News Canada

Lavish-spending health CFO, Allaudin Merali, quits

By Bill Kaufmann, Calgary Sun

CALGARY -- Alberta Health Services' (AHS) financial boss has resigned as it was revealed he'd racked up an exorbitant $346,000 in expenses.

The move was announced Wednesday ahead of a media outlet revealing information that AHS CFO Allaudin Merali had spent the $346,000 in 146 filings in a role with the Capital Health Authority from 2005-2008.

Merali, who also has a lengthy history of running up huge expense bills with Ontario's eHealth, was hired as the AHS's top bean counter last May, after officials there deemed him "the most qualified candidate," acting CEO Chris Mazurkewich said Wednesday.

Merali's spending, documented on 778 pages of invoices and receipts, "involved a different order of magnitude" than the AHS had previously understood, he said.

"After reviewing the records, we are concerned, and Mr. Merali agrees, that they will detract from his ability to act as AHS' Chief Financial Officer."

The ex-CFO charged nearly $1,600 at one Edmonton restaurant and on one day in July 2006, he expensed $406 at another Edmonton eatery and $180 for taxis.

Merali, who spent lavishly at health-care conferences, repeatedly charged taxpayers for car washes and gasoline, and expensed $524.86 to replace glass on his Mercedes, while also charging $2,000 to install a phone in the vehicle.

In 2008, he expensed $1,839 at the Edmonton Mayfair Golf Club with no explanation for the AHS.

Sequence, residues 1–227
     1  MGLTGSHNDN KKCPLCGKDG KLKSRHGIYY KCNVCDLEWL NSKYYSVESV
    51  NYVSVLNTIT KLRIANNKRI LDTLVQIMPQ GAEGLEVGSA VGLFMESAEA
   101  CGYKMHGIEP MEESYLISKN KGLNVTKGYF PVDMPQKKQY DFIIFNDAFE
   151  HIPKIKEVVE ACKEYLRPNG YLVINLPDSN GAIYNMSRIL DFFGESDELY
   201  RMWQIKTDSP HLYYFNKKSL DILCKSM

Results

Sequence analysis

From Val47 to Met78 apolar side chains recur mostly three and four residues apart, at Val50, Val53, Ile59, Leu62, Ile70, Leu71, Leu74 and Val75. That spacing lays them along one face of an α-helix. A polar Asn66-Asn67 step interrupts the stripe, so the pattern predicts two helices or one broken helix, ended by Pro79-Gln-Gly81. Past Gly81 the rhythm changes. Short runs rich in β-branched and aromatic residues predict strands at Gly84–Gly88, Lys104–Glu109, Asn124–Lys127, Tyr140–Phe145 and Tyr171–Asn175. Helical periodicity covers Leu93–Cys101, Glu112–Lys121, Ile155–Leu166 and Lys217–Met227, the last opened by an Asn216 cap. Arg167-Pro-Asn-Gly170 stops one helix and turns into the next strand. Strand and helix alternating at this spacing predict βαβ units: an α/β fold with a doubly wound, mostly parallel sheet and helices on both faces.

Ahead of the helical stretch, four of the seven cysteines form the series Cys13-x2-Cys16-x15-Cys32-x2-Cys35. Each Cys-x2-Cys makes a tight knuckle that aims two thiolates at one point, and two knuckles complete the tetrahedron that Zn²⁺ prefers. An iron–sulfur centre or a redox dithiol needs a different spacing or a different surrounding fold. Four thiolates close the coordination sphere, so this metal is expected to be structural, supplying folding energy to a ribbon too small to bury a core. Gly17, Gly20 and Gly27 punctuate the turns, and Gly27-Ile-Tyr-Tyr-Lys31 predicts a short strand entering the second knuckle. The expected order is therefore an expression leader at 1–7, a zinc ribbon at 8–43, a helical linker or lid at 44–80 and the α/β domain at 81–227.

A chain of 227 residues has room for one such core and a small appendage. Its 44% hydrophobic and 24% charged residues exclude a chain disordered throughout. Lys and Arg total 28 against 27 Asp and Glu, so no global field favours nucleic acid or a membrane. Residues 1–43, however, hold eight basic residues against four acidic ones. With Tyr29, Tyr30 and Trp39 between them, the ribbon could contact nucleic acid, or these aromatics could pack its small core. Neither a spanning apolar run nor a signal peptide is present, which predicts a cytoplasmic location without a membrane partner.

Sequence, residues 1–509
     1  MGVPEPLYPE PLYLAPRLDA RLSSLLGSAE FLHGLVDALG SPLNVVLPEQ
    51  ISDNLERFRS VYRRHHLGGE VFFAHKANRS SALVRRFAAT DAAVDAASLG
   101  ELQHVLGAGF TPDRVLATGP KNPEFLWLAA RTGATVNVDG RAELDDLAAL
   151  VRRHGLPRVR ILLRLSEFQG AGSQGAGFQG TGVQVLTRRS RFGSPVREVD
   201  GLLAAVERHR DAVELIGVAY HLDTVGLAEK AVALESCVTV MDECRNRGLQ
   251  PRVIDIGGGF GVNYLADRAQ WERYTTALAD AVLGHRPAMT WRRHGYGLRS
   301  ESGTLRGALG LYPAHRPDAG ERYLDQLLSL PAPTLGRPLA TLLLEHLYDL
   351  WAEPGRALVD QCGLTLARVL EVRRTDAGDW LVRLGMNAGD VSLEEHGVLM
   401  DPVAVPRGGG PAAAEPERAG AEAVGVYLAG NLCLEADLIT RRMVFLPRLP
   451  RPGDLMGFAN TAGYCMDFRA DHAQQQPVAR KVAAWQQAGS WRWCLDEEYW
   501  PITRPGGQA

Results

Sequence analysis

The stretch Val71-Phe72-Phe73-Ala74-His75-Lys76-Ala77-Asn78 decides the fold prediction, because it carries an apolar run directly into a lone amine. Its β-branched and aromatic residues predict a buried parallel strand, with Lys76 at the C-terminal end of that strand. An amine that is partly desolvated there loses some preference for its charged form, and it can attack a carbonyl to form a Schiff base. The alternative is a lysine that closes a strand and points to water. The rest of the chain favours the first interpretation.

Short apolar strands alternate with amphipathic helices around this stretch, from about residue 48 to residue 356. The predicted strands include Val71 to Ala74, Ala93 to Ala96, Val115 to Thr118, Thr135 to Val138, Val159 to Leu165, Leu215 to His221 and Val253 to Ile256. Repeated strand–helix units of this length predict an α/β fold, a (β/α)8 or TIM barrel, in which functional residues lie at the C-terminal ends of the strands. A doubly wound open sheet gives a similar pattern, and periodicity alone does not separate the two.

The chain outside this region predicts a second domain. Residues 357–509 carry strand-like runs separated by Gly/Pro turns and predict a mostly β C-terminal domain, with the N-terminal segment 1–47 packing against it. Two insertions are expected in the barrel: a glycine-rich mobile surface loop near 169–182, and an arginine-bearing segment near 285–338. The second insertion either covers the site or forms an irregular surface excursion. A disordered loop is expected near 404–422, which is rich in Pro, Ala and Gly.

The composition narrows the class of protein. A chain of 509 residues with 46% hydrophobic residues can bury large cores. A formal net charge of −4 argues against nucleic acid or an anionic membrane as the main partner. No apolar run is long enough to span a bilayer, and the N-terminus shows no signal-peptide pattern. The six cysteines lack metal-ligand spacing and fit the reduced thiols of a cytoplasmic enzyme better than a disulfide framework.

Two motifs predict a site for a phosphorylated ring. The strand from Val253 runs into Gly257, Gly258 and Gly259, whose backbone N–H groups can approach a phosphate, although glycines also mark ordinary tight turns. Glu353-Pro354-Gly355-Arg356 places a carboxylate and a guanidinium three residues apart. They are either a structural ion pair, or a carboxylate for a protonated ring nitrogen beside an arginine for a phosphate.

Mazurkewich told reporters the AHS wasn't aware of Merali's spending habits when it hired him last spring.

"We did not go through his expenses when he was employed by capital health," he said.

As a consultant for eHealth Ontario, he was paid $57,750 for 21 days of work in December 2008 when he billed seven days a week, but only half days ($1,375) for Sundays -- and was reimbursed another $10,000 for expenses that month.

In Ontario, Merali's bills climbed to an average of $76,000 a month in January through March 2009, including $24,000 for flights between Edmonton and Toronto.

Those expenses fuelled a considerable scandal in Ontario.

Back in Alberta, Merali is now eligible for a year's severance pay, though the amount is under negotiation, Mazurkewich said.

In a statement, Health Minister Fred Horne said he supports Merali's departure, saying it's needed to ensure Albertans' confidence in their medical system.

"I am concerned, and I understand why Albertans would be concerned, about these expense claims," he said. "While travel and hosting expenses can be part of regular business, institutions such as AHS are funded by taxpayers' dollars and, as such, taxpayers rightly expect accountability."

He said the AHS's accounting practises are far more stringent than they were under the Capital Health Authority.

But Wildrose Leader Danielle Smith said the case points to a wider sense of wasteful entitlement among the current Tory regime.

"When we've got defeated MLAs collecting millions in severance packages, health executives receiving fat bonuses for underperformance and the premier herself approving huge pay hikes for cabinet, nobody should be surprised when instances like these come to light," she said.

"The public service is merely following the example set by the government."


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